Okay.  Most of my friends live in South Eugene.  I know lots of reasons why we don’t share it.  But we need to reframe that.  (Maybe this is like the thorn in the side that Paul is talking about.  The discomfort we feel in sharing our faith is maybe good for us).  We need to evangelize not because the big “C” Church will die if we don’t spread the word (though it will).  We need to evangelize, but not because this church will wither slowly away and die, or not make budget and have to cut staff if we don’t grow even more than we are growing (though that is true, we’re closing a 10% gap with savings that will run out).  The church is not the end.  It is a sloppy means to an end.  We need to evangelize, to spread the Good News, because our world in this unstable, acrimonious moment, can go a lot of ways.  Some possible futures are good, some are distinctly not.  We need more people immersed in, or at least exposed to the Love of Jesus Christ and the moral heart that enlivens and guides your life so that 1. They can better weather the storms that are coming; and 2. Can maybe get out in front those storms, can be loving, compassionate solvers of problems, resolvers of conflict, lovers of souls.   There are not many places in the world that you hear that kind o message.  Don’t you wish more of our public officials heard these sermons every Sunday?  Tasted the redeeming body and blood of Jesus Christ around this table in this community?  Saw the children joyously marching into the sanctuary into God’s and our loving arms?  Wouldn’t that help the world be better? And if you think so, don’t you think you should tell people about it?  I’ve got sandwich boards out front, be sure to take one when you leave.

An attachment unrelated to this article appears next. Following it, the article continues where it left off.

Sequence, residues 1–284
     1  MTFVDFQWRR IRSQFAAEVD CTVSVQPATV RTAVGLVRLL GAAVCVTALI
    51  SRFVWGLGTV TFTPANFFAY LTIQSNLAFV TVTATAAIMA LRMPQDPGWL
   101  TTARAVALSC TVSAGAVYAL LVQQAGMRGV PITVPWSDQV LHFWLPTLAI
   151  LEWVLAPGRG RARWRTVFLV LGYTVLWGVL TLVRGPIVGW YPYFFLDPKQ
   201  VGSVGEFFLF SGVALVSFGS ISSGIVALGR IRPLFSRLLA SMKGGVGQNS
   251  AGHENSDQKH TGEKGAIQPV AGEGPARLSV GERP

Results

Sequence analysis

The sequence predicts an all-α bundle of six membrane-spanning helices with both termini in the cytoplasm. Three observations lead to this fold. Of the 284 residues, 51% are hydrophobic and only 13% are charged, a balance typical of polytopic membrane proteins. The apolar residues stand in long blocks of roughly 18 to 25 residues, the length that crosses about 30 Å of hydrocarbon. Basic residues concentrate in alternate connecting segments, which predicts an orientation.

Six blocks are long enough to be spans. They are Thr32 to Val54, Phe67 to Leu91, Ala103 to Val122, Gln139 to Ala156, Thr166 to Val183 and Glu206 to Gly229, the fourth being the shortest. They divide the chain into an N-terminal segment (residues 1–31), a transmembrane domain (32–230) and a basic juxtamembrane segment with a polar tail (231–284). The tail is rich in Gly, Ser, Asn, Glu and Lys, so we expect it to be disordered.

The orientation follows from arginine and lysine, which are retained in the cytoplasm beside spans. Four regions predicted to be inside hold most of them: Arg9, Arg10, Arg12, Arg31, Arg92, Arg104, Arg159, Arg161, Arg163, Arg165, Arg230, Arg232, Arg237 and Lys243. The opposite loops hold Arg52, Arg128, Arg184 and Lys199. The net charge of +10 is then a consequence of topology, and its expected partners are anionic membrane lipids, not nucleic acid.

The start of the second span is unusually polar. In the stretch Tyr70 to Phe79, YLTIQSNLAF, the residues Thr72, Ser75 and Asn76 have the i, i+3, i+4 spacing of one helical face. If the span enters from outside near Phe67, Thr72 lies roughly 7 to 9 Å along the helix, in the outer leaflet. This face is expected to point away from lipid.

We have something really good here that is worth sharing.  No, it is not right for everyone, but it’s kind of presumptuous to decide for someone else what is good for them or not, isn’t it?  Can we agree that it is good to spread the love of God in the world, and even to invite others into that love.  OK?  The question is how.  This is South Eugene after all.